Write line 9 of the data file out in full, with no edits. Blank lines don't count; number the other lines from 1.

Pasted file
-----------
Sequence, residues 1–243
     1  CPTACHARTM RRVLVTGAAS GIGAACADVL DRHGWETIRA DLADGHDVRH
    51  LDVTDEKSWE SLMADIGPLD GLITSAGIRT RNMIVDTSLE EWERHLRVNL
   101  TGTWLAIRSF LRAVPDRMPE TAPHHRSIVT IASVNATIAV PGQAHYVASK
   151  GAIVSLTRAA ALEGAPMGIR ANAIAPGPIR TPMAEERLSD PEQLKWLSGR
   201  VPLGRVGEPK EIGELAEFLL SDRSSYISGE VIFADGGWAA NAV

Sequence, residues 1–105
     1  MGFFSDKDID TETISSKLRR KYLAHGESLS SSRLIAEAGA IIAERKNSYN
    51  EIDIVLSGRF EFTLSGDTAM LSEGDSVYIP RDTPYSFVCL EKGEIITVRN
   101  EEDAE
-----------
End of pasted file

    51  EIDIVLSGRF EFTLSGDTAM LSEGDSVYIP RDTPYSFVCL EKGEIITVRN